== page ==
Completed projects receive more public attention than the process
of their creation and so the myth that architects design buildings
alone lives on. In fact, architects work with a great many others
and the relationships that develop, particularly with clients, have
a significant impact on design. "Design through Dialogue" explores
the relationship between client and architect through the lens of
four overlapping activities that occur during any project:
relating, talking, exploring and transforming.
Cases of design and collaboration range from smaller scale
retail, residential and educational projects in the US, Sweden, the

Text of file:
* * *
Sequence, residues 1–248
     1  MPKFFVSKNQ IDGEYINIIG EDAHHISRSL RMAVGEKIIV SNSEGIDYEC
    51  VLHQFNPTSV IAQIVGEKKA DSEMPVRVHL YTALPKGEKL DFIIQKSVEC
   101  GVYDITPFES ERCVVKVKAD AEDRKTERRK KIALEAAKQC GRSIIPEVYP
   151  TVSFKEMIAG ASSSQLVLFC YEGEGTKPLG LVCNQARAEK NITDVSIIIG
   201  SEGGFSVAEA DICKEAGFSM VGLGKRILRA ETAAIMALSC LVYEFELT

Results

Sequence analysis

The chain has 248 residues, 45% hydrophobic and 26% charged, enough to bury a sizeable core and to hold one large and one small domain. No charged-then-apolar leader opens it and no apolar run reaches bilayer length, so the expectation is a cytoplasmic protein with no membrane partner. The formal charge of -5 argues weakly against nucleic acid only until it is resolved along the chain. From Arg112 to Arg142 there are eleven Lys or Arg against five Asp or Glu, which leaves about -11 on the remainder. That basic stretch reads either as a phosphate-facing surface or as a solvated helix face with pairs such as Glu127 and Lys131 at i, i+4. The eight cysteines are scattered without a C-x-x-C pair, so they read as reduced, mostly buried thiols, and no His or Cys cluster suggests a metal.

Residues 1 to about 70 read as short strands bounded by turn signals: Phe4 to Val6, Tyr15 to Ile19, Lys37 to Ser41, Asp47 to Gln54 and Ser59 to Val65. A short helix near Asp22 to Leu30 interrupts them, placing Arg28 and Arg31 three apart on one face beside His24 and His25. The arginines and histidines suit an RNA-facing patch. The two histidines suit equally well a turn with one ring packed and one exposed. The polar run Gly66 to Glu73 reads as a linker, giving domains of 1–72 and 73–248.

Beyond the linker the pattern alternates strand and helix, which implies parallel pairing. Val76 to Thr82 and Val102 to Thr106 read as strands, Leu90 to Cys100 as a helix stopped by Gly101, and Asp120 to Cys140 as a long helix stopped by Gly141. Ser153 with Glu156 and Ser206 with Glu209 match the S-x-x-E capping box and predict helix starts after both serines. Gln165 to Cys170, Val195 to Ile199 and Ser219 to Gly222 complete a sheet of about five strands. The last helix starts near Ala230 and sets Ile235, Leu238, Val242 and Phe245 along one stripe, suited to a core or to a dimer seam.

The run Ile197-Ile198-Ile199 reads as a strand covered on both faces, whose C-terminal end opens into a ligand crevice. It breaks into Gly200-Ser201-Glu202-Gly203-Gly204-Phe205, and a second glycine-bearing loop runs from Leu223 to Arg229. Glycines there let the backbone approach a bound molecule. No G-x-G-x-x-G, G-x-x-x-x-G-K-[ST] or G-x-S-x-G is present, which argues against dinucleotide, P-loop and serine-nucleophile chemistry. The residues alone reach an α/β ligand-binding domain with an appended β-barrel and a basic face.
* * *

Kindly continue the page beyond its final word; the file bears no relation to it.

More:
UK and the Pacific Rim to large institutions, including Seattle's
Central Library, the National Museum of the American Indian in
Washington DC, the Supreme Court in Jerusalem and the Museum of New
Zealand. Material is taken from interviews with clients and
architects and research in psychotherapy, group dynamics and design
studies. Throughout the book aspects of process are linked to
design outcomes to illustrate how architects and clients
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